Have you ever wondered if your kid’s behavior is due to sensory preferences?
In this episode, we had on Wendy Bertagnole of the Exceptional Parenting Podcast. Wendy talks about a book on sensory preferences that changed her life and helped her to understand exactly what her child was going through.
We dive into what sensory preferences are and how they show up in our children. She shares how you can become more aware of what sensory preferences your little one might have and how to help them overcome things that might trigger their sensory system.
She also gives her advice for navigating the sensory system, figuring out what activities calm your child’s sensory system and so much more!
WHAT’S IN THIS EPISODE:
- How Wendy’s career and life changed after becoming a mom
- How having a different experience with her middle child threw her for a loop
- What made her realize that she needed to figure out sensory preferences
- What sensory processing is and how it comes up in your daily life
- How to be more aware of your kid’s sensory preferences and adapt to them
- What you can do to help kids process for experiences that may trigger their sensory system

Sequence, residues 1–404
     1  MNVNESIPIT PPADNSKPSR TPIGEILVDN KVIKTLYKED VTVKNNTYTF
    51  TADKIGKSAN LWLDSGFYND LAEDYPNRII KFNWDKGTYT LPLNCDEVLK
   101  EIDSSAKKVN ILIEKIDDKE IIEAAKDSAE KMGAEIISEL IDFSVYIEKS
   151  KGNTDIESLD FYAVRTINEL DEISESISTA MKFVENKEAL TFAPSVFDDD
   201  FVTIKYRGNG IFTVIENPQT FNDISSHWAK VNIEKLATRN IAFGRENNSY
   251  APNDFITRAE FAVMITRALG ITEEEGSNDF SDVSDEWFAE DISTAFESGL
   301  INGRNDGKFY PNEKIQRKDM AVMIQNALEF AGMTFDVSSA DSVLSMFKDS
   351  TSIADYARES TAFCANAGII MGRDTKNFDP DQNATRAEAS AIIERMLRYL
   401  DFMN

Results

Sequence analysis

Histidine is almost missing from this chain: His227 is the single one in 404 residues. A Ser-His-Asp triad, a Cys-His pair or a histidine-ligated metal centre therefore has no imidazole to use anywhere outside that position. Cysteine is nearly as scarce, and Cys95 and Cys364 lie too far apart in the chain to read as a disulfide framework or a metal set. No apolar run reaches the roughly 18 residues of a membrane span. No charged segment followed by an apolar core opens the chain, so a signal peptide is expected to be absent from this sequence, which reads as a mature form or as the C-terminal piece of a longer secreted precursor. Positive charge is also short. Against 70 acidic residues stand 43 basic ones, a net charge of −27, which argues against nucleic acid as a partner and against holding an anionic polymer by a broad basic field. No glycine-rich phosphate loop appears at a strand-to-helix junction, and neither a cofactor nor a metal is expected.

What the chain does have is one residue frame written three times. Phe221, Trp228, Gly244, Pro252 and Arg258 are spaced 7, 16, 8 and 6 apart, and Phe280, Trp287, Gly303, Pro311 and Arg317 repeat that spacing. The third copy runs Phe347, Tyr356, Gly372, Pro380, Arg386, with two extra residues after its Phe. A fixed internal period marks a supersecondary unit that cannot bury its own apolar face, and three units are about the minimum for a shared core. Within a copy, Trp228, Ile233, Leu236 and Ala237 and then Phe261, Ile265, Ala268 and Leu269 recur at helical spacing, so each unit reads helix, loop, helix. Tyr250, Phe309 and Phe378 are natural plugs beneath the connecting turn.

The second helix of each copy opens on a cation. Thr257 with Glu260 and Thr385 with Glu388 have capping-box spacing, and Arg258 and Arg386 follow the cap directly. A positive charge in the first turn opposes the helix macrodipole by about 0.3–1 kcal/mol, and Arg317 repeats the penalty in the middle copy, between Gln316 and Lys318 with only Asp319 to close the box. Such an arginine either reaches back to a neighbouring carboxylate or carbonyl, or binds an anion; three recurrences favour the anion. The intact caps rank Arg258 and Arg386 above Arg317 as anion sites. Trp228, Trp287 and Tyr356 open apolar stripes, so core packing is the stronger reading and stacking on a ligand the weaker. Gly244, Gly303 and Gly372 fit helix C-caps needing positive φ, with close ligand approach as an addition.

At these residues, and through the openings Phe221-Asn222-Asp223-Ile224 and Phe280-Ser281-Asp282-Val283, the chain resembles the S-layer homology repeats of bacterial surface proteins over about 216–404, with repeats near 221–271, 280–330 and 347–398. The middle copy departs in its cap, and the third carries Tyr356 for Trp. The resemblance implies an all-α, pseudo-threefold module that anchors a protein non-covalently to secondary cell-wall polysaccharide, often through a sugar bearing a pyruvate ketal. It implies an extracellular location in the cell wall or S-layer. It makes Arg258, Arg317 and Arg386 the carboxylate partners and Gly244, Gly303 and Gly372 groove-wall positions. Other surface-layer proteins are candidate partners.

- Why you should learn what your child’s calming sensory activities are
- How early you’re able to see children’s sensory preferences
- Her advice for navigating the sensory system
- How her early challenges as a mom affected how she parents her children today
LINKS & RESOURCES MENTIONED:
- Connect with Wendy:
MORE ABOUT THE HOST OF THE EXCEPTIONAL PARENTING PODCAST:
I’m Wendy Bertagnole, a lover of chocolate, yoga (and yoga clothes), and a mother of three kids.
I work with moms who are frustrated with their children’s behavior, helping them to REALLY understand why it happens and how to respond without causing more chaos.
I believe we all have the ability to be the experts of our own kids, and here you’ll find the tools to be able to do that…imperfectly of course, but perfection is never the goal.
OUR FAVORITE QUOTES FROM WENDY BERTAGNOLE:
“There’s so much more behind behavior than what most of us are seeing.”
“The best way to address the behavior is to not fight against the behavior, but work with it to prevent it.”
“Understanding our sensory preferences and creating boundaries is not escaping or avoiding them, it’s honoring ourselves and our kids.”
“We’re all learning and growing together. They’re teaching me just as much, if not more as I’m teaching them.”
“My job isn’t to change them, fix them or shape them, but to support them on the journey that they come here with.”